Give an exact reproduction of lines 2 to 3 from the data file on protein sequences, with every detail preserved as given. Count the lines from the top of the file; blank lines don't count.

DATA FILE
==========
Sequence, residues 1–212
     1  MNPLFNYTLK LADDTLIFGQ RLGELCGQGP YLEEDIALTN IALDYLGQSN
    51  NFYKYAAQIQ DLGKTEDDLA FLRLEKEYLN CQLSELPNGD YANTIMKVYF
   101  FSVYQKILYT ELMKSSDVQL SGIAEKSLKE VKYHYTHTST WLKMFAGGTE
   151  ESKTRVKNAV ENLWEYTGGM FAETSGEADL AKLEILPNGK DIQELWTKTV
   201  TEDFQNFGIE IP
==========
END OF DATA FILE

     1  MNPLFNYTLK LADDTLIFGQ RLGELCGQGP YLEEDIALTN IALDYLGQSN
    51  NFYKYAAQIQ DLGKTEDDLA FLRLEKEYLN CQLSELPNGD YANTIMKVYF